Thus far most of the audience, where still awake, seemed confused. Where were the technical fireworks? This was, after all, the performer sometimes dubbed the "greatest living pianist" who can "play anything". Someone with his reputation could certainly afford to dish up some tasty and technically terrifying tidbit from the edges of the repertoire. Thus far, with Bach and Schubert we had travelled down the dead center of the road of western musical thought. When one sees a virtuoso perform there is an expectation that they will play easy stuff well, and that they will also select some repertoire they find challenging. Georges Cziffra, a Hungarian pianist well known in Europe in the 60s and 70s, was famed for driving audiences into a frenzy with edge-of-your-seat fear and excitement over his interpretations and arrangements of, in particular, Liszt. A pianist must perform at least some music with which they physically and viscerally contend. Without the possibility of a spectacular melt-down there can be no suspense and no excitement, at least since Steinway worked out how to prevent pianos from exploding beneath the demands of the Romantic repertoire.

The second part of the recital promised the desired technical showmanship in the form of the Chopin Etudes Op. 25. Billed as Chopin's "ultra-demanding pianistic studies", they were, at the time of their composition, possibly the fourth most challenging etudes in existence. They are certainly nowhere near Liszt's contemporaneous Transcendental Etudes in musical, technical, and pianistic complexity. Indeed, Liszt went on to republish easier and more accessible versions of his etudes not once but twice, and even then they are by no means the most challenging works in his ouvre. Additionally, there has been considerable development in the nearly two centuries since. In my opinion, the etudes composed by Godowsky, Sorabji, Finnissy, Busoni, and Marc-Andre Hamelin are, while often directly referencing Chopin's earlier work, much more interesting and certainly far more challenging.

This is not to take away from Chopin's Op. 25, whose technical challenges alternately bemuse and infuriate aspiring professional pianists in nearly every music school on earth. Again presenting a work that he must have mastered at half his present age, Lang Lang delivered solid performances of the 12 studies, though we got a few fistfulls of bonus notes in the seventh. Towards the end he anticipated premature applause and played one almost right after another, often ending with a flourish or musical joke obvious enough for most of the audience to get.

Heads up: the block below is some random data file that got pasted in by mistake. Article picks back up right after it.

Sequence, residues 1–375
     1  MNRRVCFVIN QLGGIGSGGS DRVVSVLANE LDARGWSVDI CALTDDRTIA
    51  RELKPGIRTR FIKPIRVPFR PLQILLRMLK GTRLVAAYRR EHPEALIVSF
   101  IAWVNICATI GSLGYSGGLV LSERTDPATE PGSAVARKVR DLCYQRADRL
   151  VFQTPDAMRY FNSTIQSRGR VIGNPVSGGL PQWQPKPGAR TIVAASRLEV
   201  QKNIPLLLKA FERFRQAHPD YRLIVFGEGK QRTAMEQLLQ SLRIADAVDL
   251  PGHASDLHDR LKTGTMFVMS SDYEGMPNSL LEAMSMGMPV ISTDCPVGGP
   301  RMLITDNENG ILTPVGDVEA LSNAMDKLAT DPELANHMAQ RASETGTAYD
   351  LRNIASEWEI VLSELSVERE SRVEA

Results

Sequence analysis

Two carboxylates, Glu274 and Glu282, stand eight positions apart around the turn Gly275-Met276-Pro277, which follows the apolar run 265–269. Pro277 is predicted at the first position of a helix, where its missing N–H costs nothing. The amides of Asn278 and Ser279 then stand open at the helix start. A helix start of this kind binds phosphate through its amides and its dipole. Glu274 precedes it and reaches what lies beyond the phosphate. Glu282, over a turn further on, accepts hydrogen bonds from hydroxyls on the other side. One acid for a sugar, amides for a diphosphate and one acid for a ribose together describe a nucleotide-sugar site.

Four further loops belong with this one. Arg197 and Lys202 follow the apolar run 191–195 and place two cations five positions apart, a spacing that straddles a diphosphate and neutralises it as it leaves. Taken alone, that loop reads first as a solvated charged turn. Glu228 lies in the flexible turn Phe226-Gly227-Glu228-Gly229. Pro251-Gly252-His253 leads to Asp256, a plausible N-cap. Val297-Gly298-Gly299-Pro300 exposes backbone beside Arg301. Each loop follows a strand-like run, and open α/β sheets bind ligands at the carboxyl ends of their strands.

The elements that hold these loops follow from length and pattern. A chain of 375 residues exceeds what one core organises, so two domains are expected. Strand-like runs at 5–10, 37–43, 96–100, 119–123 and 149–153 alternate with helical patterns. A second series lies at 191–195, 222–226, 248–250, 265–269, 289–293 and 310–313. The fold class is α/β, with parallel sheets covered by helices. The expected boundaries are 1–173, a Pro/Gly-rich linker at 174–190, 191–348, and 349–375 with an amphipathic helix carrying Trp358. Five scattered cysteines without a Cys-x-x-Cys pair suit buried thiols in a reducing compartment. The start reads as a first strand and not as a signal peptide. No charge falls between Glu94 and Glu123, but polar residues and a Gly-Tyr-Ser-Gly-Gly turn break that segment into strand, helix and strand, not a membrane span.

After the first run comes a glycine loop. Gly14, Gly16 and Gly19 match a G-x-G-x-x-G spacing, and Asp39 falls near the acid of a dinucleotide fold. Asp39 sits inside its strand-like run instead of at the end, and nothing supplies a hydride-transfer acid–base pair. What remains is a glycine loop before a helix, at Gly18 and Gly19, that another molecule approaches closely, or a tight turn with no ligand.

In between half a dozen curtain calls, he performed two encores: Liszt's Romanza and La Campanella. The former was most likely for the people sitting to the right of the podium who have a strong appreciation for his legendary emotional state while playing, while the latter is an old encore favourite amongst pianists. La Campanella was originally written as a musical joke, but due to its technical difficulty is almost always played "with a straight face". Lang Lang took the opportunity to play his own cadenza drawn largely from other Liszt works (including an extended melodic inversion from Liszt's transcription of Danse Macabre) which included at least one laugh at the serious faction of the audience's expense. At last! Thus it seems that Lang Lang is very aware that certain repertoire and tricks sell tickets, records and sponsorship deals, and is, perhaps, musically trapped. The question, then, is at what point will he decide he is rich enough, throw off the shackles of living up to his possibly undeserved reputation and turn his unique style and voice to more unexpected repertoire? Perhaps he could emulate Stephen Hough, who occasionally sneaks Godowsky billed as Chopin upon an unsuspecting audience. Who knows, perhaps one day he will bring a new audience to the most recent century of piano composition.

Tuesday, October 25, 2011

Camping for one night only

Not so long ago I went on a brief overnight camping trip into the mountains to the north east of LA. I was joined on this trip by my friends T and S, one of whom was in charge of driving! The point of the exercise was to hike to a natural hot spring that occurs in the area. Geological map of the region which makes the location obvious:
In the end we found the springs and they were glorious. On the way back we were rewarded with a terrific SoCal sunset over some spikey mountains. These, and a few other nice views along the way I managed to capture in my soon-to-be-replaced camera gloria, and can be found here:
Might be worth a trip back there some day. One of the nicer hot springs I've ever visited; a distinct lack of boreholes and concrete!

Monday, October 10, 2011

Photos and wrap

All the photos from my recent trip to Europe are now uploaded. They can be found here.
Individual posts are now all hyper-linked for extra efficient reading/photoing. All panoramas were stitched together with the freeware tool "Hugin". 
In addition, there's a composite album of photos I took of a small stuffed cassowary in some interesting place nearly every day.
For no particular reason, I did not take substantial quantities of video during this trip, so there are no videos in particular awaiting upload. :(
This probably marks the last major trip I do with my trusty Canon Powershot A530 - bought in November 2006 and carried with me ever since. I'll probably eulogise it more thoroughly when its eventual replacement is obtained.

Sunday, September 25, 2011

Spain, land of mañana...